Govt 'oblivious' to community 'damage' from FIFO work
STATE and federal governments are "oblivious to the damage" fly-in, fly-out work is doing to regional communities, an inquiry into the practice has found.
The Standing Committee on Regional Australia spent almost 18 months examining the impact FIFO and drive-in, drive-out was having on regional workforces, the findings of which were contained in an extensive 209-page report tabled in Parliament this morning.
Independent MP Tony Windsor, who chaired the committee, wrote in the report's foreword that governments of all levels needed to recognise FIFO was a "cancer" for some regional areas, particularly traditional mining communities like Moranbah.
The report makes 21 recommendations to government and 14 suggestions to industry, designed to build stronger inland regional communities alongside a strong resources industry.
"Regional communities need a champion. This report calls for a champion," Mr Windsor wrote.
"It recognises that there are some circumstances where FIFO/DIDO is warranted - for construction and very remote operations.
"But for operational positions located near existing regional communities, every effort should be made to make FIFO/DIDO the exception rather than the rule."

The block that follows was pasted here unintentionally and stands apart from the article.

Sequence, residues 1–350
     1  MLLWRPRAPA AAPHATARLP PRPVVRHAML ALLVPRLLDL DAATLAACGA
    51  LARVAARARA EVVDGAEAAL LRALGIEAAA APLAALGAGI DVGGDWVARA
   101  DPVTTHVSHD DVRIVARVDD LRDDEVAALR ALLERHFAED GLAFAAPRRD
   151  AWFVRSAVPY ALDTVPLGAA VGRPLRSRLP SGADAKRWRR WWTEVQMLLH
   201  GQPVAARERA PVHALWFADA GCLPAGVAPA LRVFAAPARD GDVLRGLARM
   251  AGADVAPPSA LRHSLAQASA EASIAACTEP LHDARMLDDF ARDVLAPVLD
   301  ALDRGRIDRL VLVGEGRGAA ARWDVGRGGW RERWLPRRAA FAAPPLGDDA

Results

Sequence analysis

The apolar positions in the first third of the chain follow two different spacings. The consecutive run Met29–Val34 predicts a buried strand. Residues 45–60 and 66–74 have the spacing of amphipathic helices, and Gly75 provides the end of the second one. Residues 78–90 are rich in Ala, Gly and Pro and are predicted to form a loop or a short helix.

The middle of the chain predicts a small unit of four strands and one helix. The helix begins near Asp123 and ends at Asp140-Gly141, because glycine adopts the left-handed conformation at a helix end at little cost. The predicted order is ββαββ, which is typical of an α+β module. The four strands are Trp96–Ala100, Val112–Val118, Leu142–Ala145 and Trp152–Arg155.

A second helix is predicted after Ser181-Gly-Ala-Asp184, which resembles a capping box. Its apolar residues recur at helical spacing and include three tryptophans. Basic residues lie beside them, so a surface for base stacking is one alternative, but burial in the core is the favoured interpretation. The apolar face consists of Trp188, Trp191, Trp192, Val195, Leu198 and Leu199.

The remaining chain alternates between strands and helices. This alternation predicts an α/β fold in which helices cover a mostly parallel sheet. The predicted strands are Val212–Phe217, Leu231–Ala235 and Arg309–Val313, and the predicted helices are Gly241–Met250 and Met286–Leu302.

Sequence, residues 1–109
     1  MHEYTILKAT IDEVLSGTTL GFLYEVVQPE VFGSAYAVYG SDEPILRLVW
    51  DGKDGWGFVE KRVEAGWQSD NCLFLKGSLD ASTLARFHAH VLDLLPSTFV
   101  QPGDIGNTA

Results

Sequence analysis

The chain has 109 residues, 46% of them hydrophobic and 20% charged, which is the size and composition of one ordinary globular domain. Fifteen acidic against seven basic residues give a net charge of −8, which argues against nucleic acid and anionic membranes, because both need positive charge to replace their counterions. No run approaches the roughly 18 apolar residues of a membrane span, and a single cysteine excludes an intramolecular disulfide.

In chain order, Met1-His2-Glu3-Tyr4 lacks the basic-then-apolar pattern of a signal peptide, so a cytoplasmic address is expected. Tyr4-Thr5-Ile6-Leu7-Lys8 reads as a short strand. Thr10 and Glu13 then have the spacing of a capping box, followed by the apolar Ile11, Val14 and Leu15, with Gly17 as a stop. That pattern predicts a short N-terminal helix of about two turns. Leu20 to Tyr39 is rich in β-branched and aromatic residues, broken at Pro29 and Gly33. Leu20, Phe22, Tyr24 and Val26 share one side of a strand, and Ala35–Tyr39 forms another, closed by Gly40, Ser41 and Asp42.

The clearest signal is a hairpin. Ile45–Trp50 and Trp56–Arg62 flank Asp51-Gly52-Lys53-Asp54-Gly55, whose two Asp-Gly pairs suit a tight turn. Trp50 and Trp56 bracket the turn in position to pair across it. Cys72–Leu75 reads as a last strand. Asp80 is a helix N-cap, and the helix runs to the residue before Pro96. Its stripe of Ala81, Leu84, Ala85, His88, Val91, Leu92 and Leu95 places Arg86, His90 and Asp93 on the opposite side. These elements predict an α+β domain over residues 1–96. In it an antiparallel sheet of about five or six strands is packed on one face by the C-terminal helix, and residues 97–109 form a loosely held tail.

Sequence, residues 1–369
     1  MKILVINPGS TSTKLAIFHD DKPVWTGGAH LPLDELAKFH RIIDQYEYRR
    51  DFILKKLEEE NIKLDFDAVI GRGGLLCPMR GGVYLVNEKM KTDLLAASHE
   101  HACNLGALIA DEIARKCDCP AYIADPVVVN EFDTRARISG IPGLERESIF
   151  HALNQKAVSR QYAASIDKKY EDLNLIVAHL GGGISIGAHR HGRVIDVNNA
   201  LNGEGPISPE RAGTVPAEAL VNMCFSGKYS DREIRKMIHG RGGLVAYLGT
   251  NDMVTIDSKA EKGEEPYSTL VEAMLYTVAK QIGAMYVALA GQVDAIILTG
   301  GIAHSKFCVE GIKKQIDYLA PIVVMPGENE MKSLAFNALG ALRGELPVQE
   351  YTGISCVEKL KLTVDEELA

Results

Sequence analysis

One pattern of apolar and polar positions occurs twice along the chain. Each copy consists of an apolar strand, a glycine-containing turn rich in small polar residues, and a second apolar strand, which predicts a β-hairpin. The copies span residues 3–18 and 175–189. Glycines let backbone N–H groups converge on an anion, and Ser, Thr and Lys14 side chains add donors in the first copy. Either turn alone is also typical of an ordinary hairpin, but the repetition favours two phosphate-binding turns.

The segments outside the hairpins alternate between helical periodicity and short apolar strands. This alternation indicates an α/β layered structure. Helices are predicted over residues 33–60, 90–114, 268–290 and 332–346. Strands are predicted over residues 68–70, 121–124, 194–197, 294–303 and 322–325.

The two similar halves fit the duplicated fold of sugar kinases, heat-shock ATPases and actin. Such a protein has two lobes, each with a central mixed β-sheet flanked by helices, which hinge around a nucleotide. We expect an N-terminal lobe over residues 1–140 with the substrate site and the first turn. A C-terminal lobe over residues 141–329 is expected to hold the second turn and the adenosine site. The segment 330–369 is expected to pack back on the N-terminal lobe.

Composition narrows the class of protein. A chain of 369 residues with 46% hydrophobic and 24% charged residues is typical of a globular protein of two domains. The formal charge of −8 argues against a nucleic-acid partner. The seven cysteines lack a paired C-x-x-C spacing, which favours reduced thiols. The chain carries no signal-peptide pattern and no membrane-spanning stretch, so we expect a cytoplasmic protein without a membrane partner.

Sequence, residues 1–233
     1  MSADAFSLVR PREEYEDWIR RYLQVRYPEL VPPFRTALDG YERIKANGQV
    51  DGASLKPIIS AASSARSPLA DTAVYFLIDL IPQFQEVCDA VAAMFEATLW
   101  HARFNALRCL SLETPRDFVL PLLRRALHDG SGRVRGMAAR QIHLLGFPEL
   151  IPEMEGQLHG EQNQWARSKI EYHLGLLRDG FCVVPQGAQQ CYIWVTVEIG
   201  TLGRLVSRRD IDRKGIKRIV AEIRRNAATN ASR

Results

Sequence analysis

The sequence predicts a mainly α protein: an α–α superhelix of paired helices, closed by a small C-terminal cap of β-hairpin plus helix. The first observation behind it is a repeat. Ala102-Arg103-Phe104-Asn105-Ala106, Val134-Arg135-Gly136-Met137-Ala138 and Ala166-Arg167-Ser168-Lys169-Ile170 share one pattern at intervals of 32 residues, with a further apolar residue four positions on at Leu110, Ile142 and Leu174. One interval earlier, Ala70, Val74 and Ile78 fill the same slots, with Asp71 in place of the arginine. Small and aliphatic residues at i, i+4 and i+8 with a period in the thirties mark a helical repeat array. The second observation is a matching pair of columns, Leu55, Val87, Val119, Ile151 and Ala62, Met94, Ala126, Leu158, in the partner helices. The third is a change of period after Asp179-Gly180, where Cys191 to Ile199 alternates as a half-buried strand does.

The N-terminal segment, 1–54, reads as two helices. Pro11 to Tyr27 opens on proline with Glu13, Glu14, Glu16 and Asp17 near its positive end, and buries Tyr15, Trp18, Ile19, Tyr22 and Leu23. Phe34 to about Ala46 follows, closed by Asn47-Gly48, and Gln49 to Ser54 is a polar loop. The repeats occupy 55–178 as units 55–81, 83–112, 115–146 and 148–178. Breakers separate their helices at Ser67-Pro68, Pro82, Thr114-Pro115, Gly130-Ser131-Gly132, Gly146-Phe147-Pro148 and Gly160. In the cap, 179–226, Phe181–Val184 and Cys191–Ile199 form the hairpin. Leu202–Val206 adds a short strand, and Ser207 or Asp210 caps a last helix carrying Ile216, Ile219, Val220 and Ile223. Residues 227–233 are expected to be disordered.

Mr Windsor wrote a lack of empirical evidence on the issue of FIFO made it almost impossible for governments to respond in a way that supports regional communities.
He argues a policy mix is needed to ensure FIFO does not become the dominant practice as it could lead to "a hollowing out of established regional towns, particularly those inland".
The member for New England also argues the same resource companies operating in Australia are operating profitably in countries like Canada and Mongolia while building regional communities.
"This report challenges them to extend this approach to their Australian operations," he wrote.
In a statement, Mr Windsor described the report as "pro-regional Australia".
"It calls for the mining industry to value regional Australia as much as regional Australia values the industry as a major employer and contributor to the wealth of this nation," he said.
The committee held extensive hearings all over the country, visited mining operations overseas and received more than 230 submissions.
Mr Windsor and other members of the committee will front the media in Canberra later today.